This book provides a comprehensive guide to an institutional response to the Americans with Disabilities Act. It gives practical advice for responding to students and professionals with disabilities, and examines…Buy
At the end of the day, we’ve engaged and educated students, developed a quick response, built relationships with different organizations across campus, and made a statement as a university. Who knows? Maybe we’ll inspire some of those students to become more involved in violence prevention or policy advocacy in the long term.
The current call for public comment on the Department of Education’s proposed rule on Nondiscrimination on the Basis of Sex in Education Programs or Activities Receiving Federal Financial Assistance, known more succinctly as Title IX, has occupied a lot of attention since it was opened on November 29, 2018. You may be following the discussions considering what the proposed rule would mean for you and the students with whom you work, and wondering how your individual perspective fits into the conversation If so, we encourage you to draft and submit your own comments by the January 28, 2019 deadline. In keeping with the civic engagement and advocacy goals and objectives of NASPA’s strategic plan, we actively encourage higher education professionals to add their expertise to the public comments submitted to the Department. We recognize, however, that many professionals may be sensitive to their institutional roles and responsibilities and hesitant to speak out on issues different from or even in contradiction of comments submitted by their employer. This post by NASPA director of policy research and advocacy, Teri Lyn Hinds, reviews why and how individuals can and should submit comments for consideration by the Department.
In late November, the Department of Education published a proposed rule on Nondiscrimination on the Basis of Sex in Education Programs or Activities Receiving Federal Financial Assistance and opened a 60-day public comment period. While the Federal Register is not fully operational during the shutdown, public comments on the Title IX Notice of Proposed Rulemaking (NPRM) are still due by January 28, and regulations.gov is functional and accepting comments. NASPA staff have developed several resources intended to help higher education leaders learn about and respond to the proposed rule. Prior to the winter break, we held several information sessions (recordings are available in the NASPA Online Learning Community) and published a 4-part blog series providing a preliminary analysis of the proposed rule. Today we released a series of Resource Guides that expand on many of the topics we highlighted in December with links to research and data that individuals and institutions can use to bolster their comments as needed.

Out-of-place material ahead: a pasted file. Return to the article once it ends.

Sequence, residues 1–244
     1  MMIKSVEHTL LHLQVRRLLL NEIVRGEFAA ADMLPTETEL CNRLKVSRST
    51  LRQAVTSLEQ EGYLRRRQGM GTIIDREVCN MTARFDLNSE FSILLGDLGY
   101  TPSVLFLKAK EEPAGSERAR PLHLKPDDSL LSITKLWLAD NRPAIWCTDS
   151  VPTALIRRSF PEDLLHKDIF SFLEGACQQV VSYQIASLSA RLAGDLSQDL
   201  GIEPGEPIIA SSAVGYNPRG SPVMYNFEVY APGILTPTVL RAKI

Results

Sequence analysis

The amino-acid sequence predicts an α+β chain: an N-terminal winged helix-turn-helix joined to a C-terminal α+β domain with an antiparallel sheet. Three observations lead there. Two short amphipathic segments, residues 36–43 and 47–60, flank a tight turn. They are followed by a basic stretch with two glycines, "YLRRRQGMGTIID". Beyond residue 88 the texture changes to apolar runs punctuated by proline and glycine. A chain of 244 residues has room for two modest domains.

In August 2018, the Institute for Democracy & Higher Education published Election Imperatives, ten recommendations for using election issues and processes to launch or reinforce improvements in the campus’ political climate and educate for student political learning, discourse, inclusion, and participation. Throughout the election, we talked with administrators, faculty, and students about the opportunities and challenges presented in this election season. We offer reflection questions to consider now before memories fade and before 2020 planning begins.